NIAGARA FALLS, Ontario--Even if you've never been here, you almost certainly can recognize Niagara Falls with just a glance. At once massive, majestic, awe-inspiring, and thunderously loud--not to mention the "wettest place on Earth"--this famous waterfall is also one of the largest power generators on the planet.
As part of Road Trip 2010, CNET reporter Daniel Terdiman crossed the Rainbow Bridge and took in the falls from the Canadian side. What he saw, and what millions of others see every year, is truly one of Earth's most impressive natural features and among the most productive.
Horseshoe Falls, which is seen here with steam rising high above it like an ash cloud from a volcano, is 170 feet high, 2,200 feet wide, and responsible for 90 percent of the flow of Niagara Falls. Between April and October each year, 100,000 cubic feet of water flow over Horseshoe Falls per second. During the rest of the year, the flow is about half that.
Its partner in crime, American Falls, is 180 feet tall but just 1,060 feet wide. It is responsible for the other 10 percent of the total flow.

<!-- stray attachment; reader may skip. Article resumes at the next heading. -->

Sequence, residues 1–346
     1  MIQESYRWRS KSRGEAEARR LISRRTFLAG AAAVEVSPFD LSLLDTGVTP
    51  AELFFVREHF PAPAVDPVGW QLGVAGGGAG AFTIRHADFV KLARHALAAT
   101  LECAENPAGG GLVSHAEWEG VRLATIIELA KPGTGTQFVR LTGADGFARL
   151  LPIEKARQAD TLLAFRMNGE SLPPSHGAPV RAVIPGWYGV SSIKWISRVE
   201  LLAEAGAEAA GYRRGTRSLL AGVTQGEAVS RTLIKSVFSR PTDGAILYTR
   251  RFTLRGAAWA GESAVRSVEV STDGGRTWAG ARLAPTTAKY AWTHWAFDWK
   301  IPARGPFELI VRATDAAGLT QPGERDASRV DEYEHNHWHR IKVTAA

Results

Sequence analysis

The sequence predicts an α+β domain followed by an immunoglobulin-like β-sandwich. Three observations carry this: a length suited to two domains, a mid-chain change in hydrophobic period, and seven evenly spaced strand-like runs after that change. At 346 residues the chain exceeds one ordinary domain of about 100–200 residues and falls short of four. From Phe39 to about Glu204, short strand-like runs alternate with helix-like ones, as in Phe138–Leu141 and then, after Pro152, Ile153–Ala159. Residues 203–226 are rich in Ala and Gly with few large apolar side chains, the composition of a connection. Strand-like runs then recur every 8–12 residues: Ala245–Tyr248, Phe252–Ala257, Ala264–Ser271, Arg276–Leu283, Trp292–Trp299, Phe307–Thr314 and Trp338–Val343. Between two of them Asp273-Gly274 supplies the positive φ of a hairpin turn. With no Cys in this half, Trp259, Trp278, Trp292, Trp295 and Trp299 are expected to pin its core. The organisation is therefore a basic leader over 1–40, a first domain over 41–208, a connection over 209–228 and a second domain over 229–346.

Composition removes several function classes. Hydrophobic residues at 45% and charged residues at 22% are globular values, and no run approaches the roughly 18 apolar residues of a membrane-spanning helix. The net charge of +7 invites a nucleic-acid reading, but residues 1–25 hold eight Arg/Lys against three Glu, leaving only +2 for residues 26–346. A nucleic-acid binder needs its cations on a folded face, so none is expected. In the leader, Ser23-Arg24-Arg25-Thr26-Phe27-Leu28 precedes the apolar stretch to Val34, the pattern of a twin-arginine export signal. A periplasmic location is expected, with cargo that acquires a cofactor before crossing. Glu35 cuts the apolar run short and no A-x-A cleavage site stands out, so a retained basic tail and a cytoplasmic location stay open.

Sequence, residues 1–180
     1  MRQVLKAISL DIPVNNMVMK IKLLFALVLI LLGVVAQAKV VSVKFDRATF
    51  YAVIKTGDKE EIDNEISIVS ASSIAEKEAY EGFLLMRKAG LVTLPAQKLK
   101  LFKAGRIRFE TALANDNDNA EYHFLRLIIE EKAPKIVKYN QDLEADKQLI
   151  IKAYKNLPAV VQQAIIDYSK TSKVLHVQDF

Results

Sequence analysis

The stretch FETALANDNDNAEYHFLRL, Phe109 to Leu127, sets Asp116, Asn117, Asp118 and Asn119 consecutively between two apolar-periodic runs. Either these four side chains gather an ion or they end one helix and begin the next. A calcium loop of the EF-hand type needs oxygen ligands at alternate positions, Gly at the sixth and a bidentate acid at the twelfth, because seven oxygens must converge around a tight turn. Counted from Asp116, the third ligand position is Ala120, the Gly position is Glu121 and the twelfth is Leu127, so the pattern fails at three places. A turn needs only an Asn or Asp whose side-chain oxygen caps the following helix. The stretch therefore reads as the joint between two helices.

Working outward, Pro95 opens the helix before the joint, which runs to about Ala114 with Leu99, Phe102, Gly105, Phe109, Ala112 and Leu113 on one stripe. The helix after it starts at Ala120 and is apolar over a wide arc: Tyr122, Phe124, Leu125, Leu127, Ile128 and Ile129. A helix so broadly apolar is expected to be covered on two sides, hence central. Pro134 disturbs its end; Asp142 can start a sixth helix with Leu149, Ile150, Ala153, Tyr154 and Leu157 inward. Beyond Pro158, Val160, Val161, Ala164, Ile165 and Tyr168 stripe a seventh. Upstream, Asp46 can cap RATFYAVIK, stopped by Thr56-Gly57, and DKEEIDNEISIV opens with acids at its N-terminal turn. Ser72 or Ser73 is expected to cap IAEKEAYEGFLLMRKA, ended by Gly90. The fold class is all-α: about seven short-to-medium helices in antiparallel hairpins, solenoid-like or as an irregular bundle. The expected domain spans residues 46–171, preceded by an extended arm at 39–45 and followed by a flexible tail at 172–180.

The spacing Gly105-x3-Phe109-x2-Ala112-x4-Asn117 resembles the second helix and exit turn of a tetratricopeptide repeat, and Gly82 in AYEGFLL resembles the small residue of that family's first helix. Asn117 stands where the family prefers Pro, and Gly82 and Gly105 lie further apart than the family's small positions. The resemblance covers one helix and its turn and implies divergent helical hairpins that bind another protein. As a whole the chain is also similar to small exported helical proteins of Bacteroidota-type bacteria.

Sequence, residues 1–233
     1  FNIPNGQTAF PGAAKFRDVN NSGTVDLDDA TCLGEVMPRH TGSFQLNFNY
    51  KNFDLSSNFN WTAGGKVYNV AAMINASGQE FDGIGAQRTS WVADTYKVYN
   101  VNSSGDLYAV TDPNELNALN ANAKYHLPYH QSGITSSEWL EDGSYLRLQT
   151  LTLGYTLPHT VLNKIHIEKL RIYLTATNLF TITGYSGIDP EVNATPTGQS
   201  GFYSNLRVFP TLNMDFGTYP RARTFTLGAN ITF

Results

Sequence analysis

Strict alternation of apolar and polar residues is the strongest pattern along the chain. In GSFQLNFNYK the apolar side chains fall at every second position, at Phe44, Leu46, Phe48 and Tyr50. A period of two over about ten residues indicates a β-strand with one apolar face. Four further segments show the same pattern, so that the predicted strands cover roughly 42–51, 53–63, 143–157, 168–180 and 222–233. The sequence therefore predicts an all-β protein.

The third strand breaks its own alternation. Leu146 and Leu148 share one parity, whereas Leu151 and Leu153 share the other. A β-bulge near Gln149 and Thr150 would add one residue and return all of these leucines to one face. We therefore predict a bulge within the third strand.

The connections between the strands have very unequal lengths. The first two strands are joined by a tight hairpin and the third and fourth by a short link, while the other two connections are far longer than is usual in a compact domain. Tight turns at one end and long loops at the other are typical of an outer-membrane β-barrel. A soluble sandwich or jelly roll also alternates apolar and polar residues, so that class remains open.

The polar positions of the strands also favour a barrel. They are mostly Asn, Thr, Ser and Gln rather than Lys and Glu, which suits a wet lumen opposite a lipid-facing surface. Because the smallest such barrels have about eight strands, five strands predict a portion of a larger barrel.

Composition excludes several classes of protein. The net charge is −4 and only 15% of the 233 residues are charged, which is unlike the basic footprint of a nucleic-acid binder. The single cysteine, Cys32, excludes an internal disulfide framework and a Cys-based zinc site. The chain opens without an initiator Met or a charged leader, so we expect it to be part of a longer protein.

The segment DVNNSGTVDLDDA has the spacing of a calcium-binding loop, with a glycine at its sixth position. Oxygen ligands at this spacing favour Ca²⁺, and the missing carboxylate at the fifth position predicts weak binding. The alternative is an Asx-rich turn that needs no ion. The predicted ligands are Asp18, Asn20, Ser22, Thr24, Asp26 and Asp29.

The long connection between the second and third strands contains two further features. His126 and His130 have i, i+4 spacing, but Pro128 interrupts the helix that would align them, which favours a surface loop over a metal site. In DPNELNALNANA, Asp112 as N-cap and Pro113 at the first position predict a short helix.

When it was turned on in 1961, the Niagara Power Project, seen here, was the most powerful hydropower facility on the planet, according to the New York Power Authority.
Today, it is still New York state's largest power generator, producing enough power--2.4 million kilowatts--to light 24 million 100-watt lightbulbs simultaneously. In 2006, the power authority finished modernizing and upgrading its main plant, the Robert Moses Niagara Power Plant, at a cost of $300 million. Each of the plant's 13 turbines was replaced--work that is hoped will sustain the system for another 50 years.
A view of American Falls and Rainbow Bridge, which connects the Canadian side of the border with the American side, as well as the roiling water of the Niagara River below Horseshoe Falls, as seen from the 14th floor of a hotel on the Canadian side.
The welcome center at Queen Victoria Park, alongside Horseshoe Falls, is seen in the foreground, with crowds of people standing along the edge of the Canadian side of waterfall, the largest in North America.